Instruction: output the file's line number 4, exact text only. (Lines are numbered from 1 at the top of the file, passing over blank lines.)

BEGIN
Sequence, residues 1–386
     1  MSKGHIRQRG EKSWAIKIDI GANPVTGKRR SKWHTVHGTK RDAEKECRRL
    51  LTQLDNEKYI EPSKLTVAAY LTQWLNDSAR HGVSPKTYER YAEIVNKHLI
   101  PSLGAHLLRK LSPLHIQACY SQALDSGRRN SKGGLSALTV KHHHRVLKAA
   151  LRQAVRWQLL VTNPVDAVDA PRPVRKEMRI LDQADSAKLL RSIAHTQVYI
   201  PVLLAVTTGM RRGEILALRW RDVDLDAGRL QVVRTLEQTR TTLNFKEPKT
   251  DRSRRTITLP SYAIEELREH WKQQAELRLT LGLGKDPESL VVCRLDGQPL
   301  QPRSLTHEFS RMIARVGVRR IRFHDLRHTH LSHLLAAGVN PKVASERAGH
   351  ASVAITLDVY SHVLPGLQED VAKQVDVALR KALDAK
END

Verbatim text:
   101  PSLGAHLLRK LSPLHIQACY SQALDSGRRN SKGGLSALTV KHHHRVLKAA